Thursday, May 12, 2016

A Comeuppance

I had one of those humbling moments today at work.  One of the shop supervisors had been asking me for a procedure for how to puncture aerosol cans for proper disposal with our can piercing device.  I knew we'd had some kind of written directions, but I couldn't find them in the computer system.  Then, the safety consultant sent me a picture showing some aerosol cans in a scrap hopper that hadn't been punctured.  I was kind of ticked off that the guys in the shop hadn't been puncturing the cans with the can piercer, and decided to head out that way, figure out the process, and then write up a procedure so it would get done correctly. 

I headed over to where the scrap hopper was, found a few cans that hadn't been punctured, and hauled them over to the can piercer.  I punctured the first couple, then loaded in one can that was about half-full.  I pulled down the lever, and nothing happened.  I slowly backed off the handle, and suddenly the can flew up, struck the top of the cabinet the waste barrel was in, and bounced around, all while spewing paint everywhere.  My arms were covered, my glasses had spatter on them, and the buttons of my shirt were noticeably blue.  I'd forgotten to put the covering lid over the end of the can before I punctured it.  I pretended nothing had happened, and didn't even look around to see if anybody had noticed.  I quickly went to clean up and tried to not let on that I'd been so dumb.  After getting the mess under control, I headed back to my cubicle.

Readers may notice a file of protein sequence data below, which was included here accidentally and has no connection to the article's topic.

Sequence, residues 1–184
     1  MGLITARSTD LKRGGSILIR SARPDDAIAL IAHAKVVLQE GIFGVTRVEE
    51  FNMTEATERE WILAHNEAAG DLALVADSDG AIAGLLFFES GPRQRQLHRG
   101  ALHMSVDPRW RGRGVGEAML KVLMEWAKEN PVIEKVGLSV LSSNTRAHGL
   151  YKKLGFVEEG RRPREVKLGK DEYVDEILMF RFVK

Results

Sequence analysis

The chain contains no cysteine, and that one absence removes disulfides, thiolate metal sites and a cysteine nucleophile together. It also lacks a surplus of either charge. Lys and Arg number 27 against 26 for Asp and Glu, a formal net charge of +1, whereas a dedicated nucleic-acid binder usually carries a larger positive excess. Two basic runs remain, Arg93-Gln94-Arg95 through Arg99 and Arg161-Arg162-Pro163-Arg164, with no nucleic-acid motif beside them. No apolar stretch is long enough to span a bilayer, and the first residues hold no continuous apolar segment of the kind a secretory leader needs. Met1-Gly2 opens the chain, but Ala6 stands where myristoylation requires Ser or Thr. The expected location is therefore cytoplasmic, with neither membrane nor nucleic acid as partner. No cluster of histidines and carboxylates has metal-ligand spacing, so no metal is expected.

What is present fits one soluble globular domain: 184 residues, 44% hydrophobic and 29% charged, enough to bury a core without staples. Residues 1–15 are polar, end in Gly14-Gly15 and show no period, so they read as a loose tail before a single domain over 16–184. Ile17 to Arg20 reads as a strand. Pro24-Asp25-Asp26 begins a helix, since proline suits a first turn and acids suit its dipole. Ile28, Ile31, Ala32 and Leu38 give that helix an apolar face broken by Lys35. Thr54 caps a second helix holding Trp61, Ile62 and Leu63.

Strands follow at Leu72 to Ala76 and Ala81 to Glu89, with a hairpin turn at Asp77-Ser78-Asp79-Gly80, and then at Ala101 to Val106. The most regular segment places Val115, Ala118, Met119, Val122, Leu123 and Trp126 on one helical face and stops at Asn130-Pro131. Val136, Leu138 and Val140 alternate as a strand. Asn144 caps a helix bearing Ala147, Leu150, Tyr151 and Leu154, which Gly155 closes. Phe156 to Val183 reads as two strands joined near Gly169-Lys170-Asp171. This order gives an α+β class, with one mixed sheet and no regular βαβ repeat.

Back in the office, I quickly found the can piercing company's website and downloaded the operating instructions.  I sent them in an email to the supervisor, along with a message that we needed to get all the cans in the scrap hopper punctured.  I was a little sheepish about talking to him, since I still had some paint showing that I couldn't get removed.  A couple of hours later, I had to go to the shop, so I stopped in to make sure he knew what needed to be done.  He hadn't gotten the email yet, so I explained to him what had to be done.  Then I told him I had a story to tell.  I explained all about how ticked off I had been, and how the can piercer I thought was self-explanatory had shown me up.  He told me that the same thing had happened to him.  I guess this is a good example of why safety instructions have to be well-written, even when they seem to be basic common sense.

No comments:

Post a Comment